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About juno_writes

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    being outside, photography, writing, reading

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  1. So true! The mind needs rest, too. I can clean all day if I have to but just hit a wall sometimes with the other stuff -- with planning and decisions, figuring out how to get what's needed from people who don't want to cooperate, etc. That is all its own kind of hard work. Give yourself credit for a big job well done.
  2. Got up at 3 AM to start another overwhelming day, after 2 hours of sleep the previous night. This has been going on and on and on. I think I can't take any more and then just have to keep trudging anyway. But today there's a light at the end of one tunnel! For months, one big project has been working to sort, empty, repair (mostly DIY), and clean my parents' house, where I grew up. So many emotions. Got "done" and then, surprise!, realized that we'd need to remediate the aluminum wiring. Then there were issues getting the power of attorney paperwork finished so I could do all the contractual stuff with the realtor. This morning a charity will pick up the last few pieces of furniture, and this afternoon the photographer will come. Tomorrow the house will be on the market! Now, time to make some progress on the overwhelming work project...
  3. Working til 4am for the 2nd time in 6 days. Night is day, down is up. I'm getting slower and slower. But there's peace in the 4am quiet, too.
  4. I hear you. I'm finishing cleaning my parents' house to get it on the market and it is not like normal cleaning. (Can't think of the last time I've scrubbed the inside of my range hood or back yard light fixture at home!) Luckily it's vacant and will STAY clean. Was hoping to finish today but instead spent a few hours helping my ex finish repairs in the electrical panel. He is very skilled and also very irritable. Not fun. Happy Valentines Day lol.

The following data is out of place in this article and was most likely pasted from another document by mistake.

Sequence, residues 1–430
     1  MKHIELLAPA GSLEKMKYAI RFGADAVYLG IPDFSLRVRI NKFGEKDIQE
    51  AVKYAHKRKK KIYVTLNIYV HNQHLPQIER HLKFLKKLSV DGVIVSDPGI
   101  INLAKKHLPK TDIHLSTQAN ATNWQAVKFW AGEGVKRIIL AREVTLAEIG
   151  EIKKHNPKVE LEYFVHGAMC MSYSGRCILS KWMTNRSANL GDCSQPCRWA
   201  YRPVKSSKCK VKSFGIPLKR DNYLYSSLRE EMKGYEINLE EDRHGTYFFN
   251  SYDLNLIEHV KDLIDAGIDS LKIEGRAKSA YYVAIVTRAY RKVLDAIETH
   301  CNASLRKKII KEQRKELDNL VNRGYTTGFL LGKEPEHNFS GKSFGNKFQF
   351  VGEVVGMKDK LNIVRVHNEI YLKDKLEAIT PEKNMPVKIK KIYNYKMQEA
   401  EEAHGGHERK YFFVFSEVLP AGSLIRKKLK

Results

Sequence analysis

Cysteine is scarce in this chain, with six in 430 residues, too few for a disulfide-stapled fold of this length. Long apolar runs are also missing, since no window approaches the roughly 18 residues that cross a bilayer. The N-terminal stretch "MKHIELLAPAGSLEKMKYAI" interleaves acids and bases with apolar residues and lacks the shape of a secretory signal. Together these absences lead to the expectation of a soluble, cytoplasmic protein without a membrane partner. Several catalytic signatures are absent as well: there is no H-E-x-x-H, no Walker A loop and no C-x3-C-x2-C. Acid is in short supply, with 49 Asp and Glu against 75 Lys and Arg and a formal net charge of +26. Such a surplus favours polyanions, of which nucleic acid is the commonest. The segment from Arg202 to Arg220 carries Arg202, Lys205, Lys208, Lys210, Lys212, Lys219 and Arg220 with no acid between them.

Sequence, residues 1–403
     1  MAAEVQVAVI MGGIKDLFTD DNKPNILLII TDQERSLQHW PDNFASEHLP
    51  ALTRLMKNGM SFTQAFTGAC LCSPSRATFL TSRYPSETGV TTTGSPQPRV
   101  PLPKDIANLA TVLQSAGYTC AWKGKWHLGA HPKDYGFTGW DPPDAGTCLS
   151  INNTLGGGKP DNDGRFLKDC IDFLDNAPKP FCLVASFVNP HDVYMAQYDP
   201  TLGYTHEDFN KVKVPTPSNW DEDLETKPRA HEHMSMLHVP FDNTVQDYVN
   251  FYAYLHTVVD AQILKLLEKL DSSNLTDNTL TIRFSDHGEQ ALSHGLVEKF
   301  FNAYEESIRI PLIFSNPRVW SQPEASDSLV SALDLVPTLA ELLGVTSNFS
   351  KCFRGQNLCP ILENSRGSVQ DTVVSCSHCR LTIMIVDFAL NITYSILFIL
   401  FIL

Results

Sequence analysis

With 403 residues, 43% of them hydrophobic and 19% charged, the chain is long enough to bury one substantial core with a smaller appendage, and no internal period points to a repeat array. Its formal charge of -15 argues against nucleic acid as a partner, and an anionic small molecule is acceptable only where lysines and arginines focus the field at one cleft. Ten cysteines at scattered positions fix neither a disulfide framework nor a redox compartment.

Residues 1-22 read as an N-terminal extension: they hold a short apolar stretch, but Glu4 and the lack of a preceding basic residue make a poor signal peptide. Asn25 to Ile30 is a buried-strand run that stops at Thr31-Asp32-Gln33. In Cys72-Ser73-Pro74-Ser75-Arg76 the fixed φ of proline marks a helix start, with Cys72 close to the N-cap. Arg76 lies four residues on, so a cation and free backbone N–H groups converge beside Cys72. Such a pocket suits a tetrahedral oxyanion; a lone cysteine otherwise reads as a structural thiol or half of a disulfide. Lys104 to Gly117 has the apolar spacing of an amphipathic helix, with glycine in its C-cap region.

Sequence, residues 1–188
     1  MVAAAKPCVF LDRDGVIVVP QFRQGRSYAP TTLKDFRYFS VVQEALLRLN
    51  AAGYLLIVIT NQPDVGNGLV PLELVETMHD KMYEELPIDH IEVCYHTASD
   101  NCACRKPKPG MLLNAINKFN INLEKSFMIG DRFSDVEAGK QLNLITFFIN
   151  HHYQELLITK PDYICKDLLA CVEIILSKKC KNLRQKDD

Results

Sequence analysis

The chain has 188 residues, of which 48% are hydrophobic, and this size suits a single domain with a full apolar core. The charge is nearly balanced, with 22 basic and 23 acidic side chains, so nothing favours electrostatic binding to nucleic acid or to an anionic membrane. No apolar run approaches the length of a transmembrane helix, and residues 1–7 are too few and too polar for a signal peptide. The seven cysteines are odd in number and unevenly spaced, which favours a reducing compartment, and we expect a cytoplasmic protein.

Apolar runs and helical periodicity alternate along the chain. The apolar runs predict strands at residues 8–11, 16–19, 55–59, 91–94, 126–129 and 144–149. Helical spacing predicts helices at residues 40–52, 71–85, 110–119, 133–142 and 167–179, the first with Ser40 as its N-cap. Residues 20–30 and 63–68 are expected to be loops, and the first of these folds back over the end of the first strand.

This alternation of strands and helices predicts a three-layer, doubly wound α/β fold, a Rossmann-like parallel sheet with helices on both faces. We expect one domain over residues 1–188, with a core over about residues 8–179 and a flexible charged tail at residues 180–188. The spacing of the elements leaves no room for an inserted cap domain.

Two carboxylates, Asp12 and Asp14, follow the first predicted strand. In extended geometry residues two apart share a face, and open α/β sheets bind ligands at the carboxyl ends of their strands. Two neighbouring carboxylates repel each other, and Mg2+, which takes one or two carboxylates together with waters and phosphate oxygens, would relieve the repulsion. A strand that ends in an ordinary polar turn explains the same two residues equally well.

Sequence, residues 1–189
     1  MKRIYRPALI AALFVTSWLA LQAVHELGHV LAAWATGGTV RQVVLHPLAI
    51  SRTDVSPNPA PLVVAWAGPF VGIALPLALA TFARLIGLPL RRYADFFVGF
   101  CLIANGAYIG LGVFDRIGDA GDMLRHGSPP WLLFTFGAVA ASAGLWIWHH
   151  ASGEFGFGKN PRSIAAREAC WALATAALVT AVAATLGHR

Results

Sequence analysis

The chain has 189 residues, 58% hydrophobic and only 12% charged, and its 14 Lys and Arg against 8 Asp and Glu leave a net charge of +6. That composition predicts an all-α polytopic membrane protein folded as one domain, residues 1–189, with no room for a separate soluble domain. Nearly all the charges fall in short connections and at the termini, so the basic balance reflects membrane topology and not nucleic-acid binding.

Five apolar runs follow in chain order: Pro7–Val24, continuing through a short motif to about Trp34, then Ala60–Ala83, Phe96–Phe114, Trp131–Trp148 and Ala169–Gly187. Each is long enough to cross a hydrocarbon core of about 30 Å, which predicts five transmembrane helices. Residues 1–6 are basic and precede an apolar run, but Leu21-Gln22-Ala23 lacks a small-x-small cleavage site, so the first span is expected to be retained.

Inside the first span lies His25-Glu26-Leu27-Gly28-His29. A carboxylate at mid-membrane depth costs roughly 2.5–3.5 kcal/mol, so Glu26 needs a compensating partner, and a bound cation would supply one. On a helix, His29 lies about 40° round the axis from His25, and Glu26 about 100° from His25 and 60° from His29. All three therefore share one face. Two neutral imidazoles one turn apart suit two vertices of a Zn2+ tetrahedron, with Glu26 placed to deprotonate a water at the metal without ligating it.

5. Wait, are you showing your own house to potential buyers (as well as doing the cleanup every time)? For sale by owner? That is some stress. Good luck -- I hope these people make an offer!
  6. So this is my life: >12 hours at the computer yesterday, in order to do 8 hours of billable work, because I just cannot focus. Never know when I will have energy, but have to use it while it's there, so I work until 1 AM, start at 4 AM, sleep in my clothes and work in my PJs, it doesn't matter. Both parents having health crises -- Mom still has delirium of unknown origin, and Dad has lung cancer. On the weekends, I've been working to clear out, repair, and clean their house so it can be sold. Trying to help from a distance (because of &*$% covid) feels like trying to screw in a screw from across the street: if I exert enough force, I can sort of nudge things in the right direction, but it's so clunky and heavy and I just want to BE THERE. Exhausted physically, mentally, and emotionally.
  7. They also play golf on the Bering sea ice. I saw that in Nome and it was hilarious.
  8. I lived in central Alaska years ago, and the joke was that the mosquito was the state bird. Never did make it to Barrow/Utqiagvik. I always wanted to eat there at Pepe's North of the Border (Mexican restaurant).
  9. Congrats on having him out of your home and soon out of your life. That's a big step! I hope the wounds from your time together start to heal now that there's no longer constant friction between you. I live with an ex-partner myself (he rents my basement). We are friendly, mostly, but there are reasons for us being "ex," and I long to have my own space.
  10. Hi. It sounds like things are really hard right now. When I'm feeling that way, it can help to literally talk myself through each step. (Saying it out loud helps with focus, I guess.) I hope that whatever you're able to do builds some momentum.